Garden Cities: What can we learn from eco-towns and growth points?

Garden cities are essential to tackle the housing crisis but previous lessons in large scale housing developments need to be learnt, argues Henry Cleary.

New homes: local legitimacy is key
New homes: local legitimacy is key

It is good to see Garden Cities (aka new settlements) generating political interest. We have no hope of addressing the housing supply shortage without them but the machinery needs updating to be a serious runner in today's world.

Wolfson and Lyons allow us to have a robust discussion on how to do that, including learning from the recent past.

In the decade before localism (2001-2011) there were 3 major policies to try to pull in large scale housing growth; the 4 growth areas of 2003 were an ambitious way of supporting and funding growth but handled as add-ons to the existing regional strategy process; the Growth Point initiative of 2006 (in many ways an unsung hero) was competitive, inviting local authorities to propose at least 20 per cent additional housing beyond existing plans as part of a wider growth strategy in exchange for Government help on infrastructure (particularly transport) and modest grant to prepare infrastructure and community facilities. 

Phase 1 of the scheme included 29 growth points involving 70 LAs and some are still very effectively using the structures and the name.  

Eco-towns by contrast invited specific site proposals for new communities and mainly attracted the private sector.

The concept was environmentally ambitious and attracted some highly original thinking on design and infrastructure but promotion of the scheme nationally relied on its climate change and innovation benefits together with housing need.

The major area of weakness was in local negotiation and legitimacy. Ultimately the 4 schemes given a degree of planning support in the PPS were all supported by their local authorities, but other promoters felt let down.

This looked very different to the early pitch of a scheme seen as highly interventionist, and after an intense and high profile process which got changed along the way. Taking a consistent line will be key for any successor.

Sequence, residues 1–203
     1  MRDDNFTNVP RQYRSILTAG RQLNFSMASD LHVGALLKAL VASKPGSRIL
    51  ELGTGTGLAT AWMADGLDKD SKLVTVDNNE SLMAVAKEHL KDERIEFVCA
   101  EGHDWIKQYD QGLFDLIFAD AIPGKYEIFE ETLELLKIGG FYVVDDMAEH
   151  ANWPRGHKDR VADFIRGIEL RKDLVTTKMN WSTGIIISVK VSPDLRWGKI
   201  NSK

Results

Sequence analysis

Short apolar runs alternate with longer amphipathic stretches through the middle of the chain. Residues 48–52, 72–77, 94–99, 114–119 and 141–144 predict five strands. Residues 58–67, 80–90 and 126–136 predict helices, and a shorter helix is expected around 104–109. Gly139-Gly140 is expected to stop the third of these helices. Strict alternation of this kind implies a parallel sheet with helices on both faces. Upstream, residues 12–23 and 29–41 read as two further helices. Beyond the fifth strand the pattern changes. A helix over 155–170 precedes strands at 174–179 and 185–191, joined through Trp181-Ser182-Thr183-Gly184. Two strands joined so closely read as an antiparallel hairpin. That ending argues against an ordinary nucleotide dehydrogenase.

Going forward, we can draw 5 key pointers from this experience:

(i)    Define the areas where the scheme could run with clear criteria such as the highest housing affordability pressure and lack of major environmental etc constraints – essential to transcend Party political issues on location;

(ii)    Ensure a robust local debate which is seen to give people a choice within the housing need context. Those with a reasonable alternative to the proposed new community should be resourced to put that forward (on a sound basis - for example, if a brownfield alternative, identifying the funding and market to make it viable). That allows closing off the "no to anything" option – and means the housing uplift has to be addressed. Several local authorities created successful alternative options as part of the eco-towns competition and the referendum idea in Wolfson is in this territory.

(iii)    Government must offer infrastructure brokerage, particularly on transport. The "show-stopper review", first introduced for growth points,  tells promoters and LAs early on if they face a likely veto because trunk road or rail access and capacity or environmental issues can’t be resolved at reasonable cost – ultimately a cause of death for several eco-town proposals. And a kick start is needed in local transport resource divvy up – a new location with few existing people will not be high on any current list;

(iv)    Relate the project to real local economic priorities. The growth points scheme positioned additional housing as part of a wider locally owned economic strategy identifying jobs and related priorities (eg education). Successful eco-town schemes have launched "early win" projects to create real benefits for existing residents and link into existing town centre issues;

(v)    Exploit existing planning tools such as LDOs to help de-risk the project but ensure they are well understood before use. The planning system already offers a diverse range of tools but they need to be worked through with local partners and debated/modified and resourced to suit.

The challenge now is to marry the innovation and design skills of the private sector and the energy of a competition with creating effective engagement locally.

Localism has brought housing need pressures up the agenda – pressured authorities struggling to identify supply might willingly consider a new settlement project as an alternative to alienating dozens of existing communities.

Operating at community scale offers an opportunity to provide not only housing but energy and many other services differently – a new way of living, in itself a major economic gain.

But however brave the launch, and however noble the concept, a Garden City or new settlement scheme is unlikely to happen without a delivery route that has local legitimacy.

Henry Cleary is an advisor on housing growth and was previously head of DCLG's Growth Areas Division from 2001 to 2011.

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